[Thutmose II] went forth to heaven …; his son stood in his place as king of the Two Lands, having become ruler upon the seat of his begetter. His sister [i.e., female relative], the God’s Wife, Hatshepsut, settled the affairs of the Two Lands according to her own plans. Egypt was made to labor with bowed head for her, the excellent seed of the god, who came forth from him.
Nevertheless, for the first seven years of the young Thutmose’s reign, Hatshepsut displayed no more than queenly attributes—the traditional vulture headdress, and the titles of King’s Great Wife and God’s Wife, the latter denoting the head of the female clergy at Karnak and female counterpart of the high priest of Amun at Karnak, and at this stage usually held by the king’s chief wife. A dramatic change occurred, however, in Year (p.75) 7 of Thutmose III’s reign. Perhaps prompted by the king’s impending majority, Hatshepsut had herself proclaimed ‘king’—the Egyptian title we translate as ‘queen’ means no more than ‘king’s wife.’ As such, she almost invariably had herself represented in male garb, with full pharaonic titulary, which only occasionally gave away her sex by dropping in the feminine grammatical ending, ‘t.’
As king, she did nothing to diminish the nominal status of Thutmose III (fig. 24): she dated her activities by his regnal years, and represented him frequently upon her monuments. She did, however, do much to assert her own legitimacy, publishing a fiction by which her father, Thutmose I, had actually elevated her to the kingship while he yet lived. In support of this, she recounts her birth as being in traditional pharaonic style, with her mother impregnated by Amun-Re himself, incarnated in the king, and attended at her confinement by Amun, the god Khnum, who had fashioned the divine baby on his potter’s wheel, and the frog goddess Heqet.
(p.76) The fourteen years during which Hatshepsut and Thutmose III shared the throne seem to have seen a division of labor, with the male king responsible for military matters and the female king for home affairs, together with more peaceful foreign endeavors. As his contribution to the former, Thutmose seems to have led at least two campaigns into Palestine, and another pair into Nubia. For her part, Hatshepsut’s best-known foreign activity is the trading expedition to Punt, the Red Sea state that had been a trading partner of Egypt since at least the time of Sahure. Among items brought back were myrrh trees, sacks of myrrh, ivory, woods, apes, and other exotic items. This voyage is recorded on the walls of the fine memorial temple that Hatshepsut had built at Deir el-Bahari, next to the temple-tomb of the Eleventh Dynasty king Montjuhotep II.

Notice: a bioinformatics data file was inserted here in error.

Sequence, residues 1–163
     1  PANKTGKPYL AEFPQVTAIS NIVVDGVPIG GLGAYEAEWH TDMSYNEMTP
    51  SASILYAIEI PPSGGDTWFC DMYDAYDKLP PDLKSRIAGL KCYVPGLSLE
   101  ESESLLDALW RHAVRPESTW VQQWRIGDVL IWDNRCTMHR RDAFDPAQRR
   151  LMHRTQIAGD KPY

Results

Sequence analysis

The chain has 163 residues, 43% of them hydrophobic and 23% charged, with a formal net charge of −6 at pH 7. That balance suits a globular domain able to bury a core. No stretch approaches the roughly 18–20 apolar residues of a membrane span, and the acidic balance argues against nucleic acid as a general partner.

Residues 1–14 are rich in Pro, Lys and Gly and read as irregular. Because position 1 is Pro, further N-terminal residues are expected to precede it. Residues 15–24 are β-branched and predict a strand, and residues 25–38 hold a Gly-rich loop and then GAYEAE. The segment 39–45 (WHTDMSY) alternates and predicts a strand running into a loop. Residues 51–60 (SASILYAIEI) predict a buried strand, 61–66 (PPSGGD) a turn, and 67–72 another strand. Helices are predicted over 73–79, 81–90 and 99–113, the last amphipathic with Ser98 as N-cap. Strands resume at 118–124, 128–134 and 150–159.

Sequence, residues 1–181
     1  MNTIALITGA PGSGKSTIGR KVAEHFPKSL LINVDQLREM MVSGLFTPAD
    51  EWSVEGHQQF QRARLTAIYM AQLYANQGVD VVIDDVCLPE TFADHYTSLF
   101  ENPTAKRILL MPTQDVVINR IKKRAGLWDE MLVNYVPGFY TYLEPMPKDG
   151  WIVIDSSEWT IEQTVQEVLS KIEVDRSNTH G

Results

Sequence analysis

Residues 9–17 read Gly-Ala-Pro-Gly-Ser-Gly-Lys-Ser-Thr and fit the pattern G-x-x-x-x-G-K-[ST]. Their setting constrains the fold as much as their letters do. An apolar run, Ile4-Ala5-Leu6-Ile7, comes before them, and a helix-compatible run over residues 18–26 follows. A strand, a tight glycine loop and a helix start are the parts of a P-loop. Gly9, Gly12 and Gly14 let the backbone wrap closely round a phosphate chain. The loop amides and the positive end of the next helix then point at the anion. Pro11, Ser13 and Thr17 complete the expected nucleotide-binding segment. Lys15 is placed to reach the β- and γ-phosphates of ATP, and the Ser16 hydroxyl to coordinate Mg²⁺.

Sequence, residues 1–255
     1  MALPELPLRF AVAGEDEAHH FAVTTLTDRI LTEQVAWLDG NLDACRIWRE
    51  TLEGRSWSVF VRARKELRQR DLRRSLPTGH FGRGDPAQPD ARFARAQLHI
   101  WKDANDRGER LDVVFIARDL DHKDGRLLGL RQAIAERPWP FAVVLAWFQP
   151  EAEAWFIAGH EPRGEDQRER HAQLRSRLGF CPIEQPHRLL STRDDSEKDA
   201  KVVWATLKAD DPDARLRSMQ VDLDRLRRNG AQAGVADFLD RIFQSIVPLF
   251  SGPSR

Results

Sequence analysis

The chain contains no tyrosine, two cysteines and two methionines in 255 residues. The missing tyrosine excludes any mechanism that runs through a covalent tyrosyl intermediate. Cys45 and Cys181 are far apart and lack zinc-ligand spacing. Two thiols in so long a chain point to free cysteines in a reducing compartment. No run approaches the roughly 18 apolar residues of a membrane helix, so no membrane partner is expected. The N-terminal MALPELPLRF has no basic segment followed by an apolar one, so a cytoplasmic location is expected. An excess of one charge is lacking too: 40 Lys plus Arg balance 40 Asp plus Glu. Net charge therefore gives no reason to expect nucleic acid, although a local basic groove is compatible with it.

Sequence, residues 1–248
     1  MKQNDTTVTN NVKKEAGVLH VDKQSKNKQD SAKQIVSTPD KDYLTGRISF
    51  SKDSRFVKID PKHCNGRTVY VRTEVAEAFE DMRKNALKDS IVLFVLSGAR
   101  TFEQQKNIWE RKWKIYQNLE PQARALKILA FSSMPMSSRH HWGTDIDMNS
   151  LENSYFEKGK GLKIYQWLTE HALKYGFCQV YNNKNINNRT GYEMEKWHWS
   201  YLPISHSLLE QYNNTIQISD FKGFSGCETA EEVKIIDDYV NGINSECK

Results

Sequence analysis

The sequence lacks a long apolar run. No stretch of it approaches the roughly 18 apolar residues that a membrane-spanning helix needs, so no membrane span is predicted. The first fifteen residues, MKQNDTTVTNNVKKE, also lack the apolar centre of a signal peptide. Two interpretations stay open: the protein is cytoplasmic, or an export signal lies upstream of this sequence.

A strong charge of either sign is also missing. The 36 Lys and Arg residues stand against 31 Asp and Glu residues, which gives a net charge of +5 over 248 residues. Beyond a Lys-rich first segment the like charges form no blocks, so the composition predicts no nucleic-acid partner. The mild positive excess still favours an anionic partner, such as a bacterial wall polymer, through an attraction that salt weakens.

Hatshepsut’s memorial temple (fig. 25) formed one of the two elements of the typical mortuary installation of a New Kingdom monarch. From the Old Kingdom down to the beginning of the Eighteenth Dynasty, kings had almost invariably aspired to a pyramid, whether large or small, depending on their resources or lifespan. The body had been interred below it, with a chapel adjoining, to provide for the needs of the spirit. From the reign of Amenhotep I, this scheme had been replaced by
(p.77) one which separated the elements. The pyramid itself disappeared, unless the pyramidal peak, el-Qurn, which towers above the Theban necropolis, was regarded as a substitute. Under Thutmose I, the subterranean parts of the royal tomb began to be cut in a desert wadi behind the screen of cliffs that front the city of the dead: today, this is known to the world as the Valley of the Kings. A community of workmen was established nearby at Deir el-Medina to provide for the construction of tombs in the valley.